Background: Of the 200,000 U.S. men annually diagnosed with prostate cancer, approximately 20% to 30% will have clinically aggressive disease. Although factors such as Gleason score and tumor stage are used to assess prognosis, there are no biomarkers to identify men at greater risk for developing aggressive prostate cancer. We therefore undertook a search for genetic variants associated with risk of more aggressive disease.
Methods: A genome-wide scan was conducted in 202 prostate cancer cases with a more aggressive phenotype and 100 randomly sampled, age-matched prostate-specific antigen screened negative controls. Analysis of 387,384 autosomal single nucleotide polymorphisms (SNPs) was followed by validation testing in an independent set of 527 cases with more aggressive and 595 cases with less aggressive prostate cancer, and 1,167 age-matched controls.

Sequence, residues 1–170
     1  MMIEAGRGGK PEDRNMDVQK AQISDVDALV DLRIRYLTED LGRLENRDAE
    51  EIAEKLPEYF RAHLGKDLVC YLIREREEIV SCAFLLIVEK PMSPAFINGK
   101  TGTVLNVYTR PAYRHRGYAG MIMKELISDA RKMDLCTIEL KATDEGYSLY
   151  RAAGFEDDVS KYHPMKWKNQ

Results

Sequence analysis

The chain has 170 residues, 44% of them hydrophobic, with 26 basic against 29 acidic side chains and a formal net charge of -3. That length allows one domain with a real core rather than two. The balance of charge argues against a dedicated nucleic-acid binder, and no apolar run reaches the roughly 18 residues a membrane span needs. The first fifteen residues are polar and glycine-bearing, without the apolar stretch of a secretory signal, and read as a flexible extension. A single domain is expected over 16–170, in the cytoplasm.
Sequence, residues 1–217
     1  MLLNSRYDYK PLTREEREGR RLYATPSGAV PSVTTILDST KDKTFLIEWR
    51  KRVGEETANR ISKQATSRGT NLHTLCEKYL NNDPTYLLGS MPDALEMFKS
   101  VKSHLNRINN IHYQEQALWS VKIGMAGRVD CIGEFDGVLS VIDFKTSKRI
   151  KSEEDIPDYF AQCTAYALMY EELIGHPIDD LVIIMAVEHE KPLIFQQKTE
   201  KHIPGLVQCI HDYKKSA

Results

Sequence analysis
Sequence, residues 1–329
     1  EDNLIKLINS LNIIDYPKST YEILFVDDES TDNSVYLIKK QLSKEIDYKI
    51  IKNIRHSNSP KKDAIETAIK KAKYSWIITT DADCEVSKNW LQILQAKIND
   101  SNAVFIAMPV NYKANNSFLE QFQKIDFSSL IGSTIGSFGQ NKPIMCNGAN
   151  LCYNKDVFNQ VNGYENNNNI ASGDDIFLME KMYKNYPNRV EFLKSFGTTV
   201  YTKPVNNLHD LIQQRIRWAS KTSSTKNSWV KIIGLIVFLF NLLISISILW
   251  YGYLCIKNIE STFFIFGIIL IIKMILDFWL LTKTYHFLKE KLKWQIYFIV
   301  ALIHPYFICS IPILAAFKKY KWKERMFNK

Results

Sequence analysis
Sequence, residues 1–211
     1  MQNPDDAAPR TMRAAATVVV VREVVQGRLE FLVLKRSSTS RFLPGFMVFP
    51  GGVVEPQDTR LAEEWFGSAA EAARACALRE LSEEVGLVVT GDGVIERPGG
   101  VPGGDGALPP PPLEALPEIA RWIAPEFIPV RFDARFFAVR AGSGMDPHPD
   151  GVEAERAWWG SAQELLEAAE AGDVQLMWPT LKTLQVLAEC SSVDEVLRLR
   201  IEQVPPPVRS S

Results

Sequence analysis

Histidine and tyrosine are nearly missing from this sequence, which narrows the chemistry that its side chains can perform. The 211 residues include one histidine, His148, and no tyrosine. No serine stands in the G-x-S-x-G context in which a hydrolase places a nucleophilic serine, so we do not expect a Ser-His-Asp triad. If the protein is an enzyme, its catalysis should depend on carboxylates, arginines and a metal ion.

Results: A variant on 15q13, rs6497287, was confirmed to be most strongly associated with more aggressive (P(discovery) = 5.20 × 10(-5), P(validation) = 0.004) than less aggressive disease (P = 0.14). Another SNP on 3q26, rs3774315, was found to be associated with prostate cancer risk; however, the association was not stronger for more aggressive disease.
Conclusions: This study provides suggestive evidence for a genetic predisposition to more aggressive prostate cancer and highlights the fact that larger studies are warranted to confirm this supposition and identify further risk variants.
Impact: These findings raise the possibility that assessment of genetic variation may one day be useful to discern men at higher risk for developing clinically significant prostate cancer.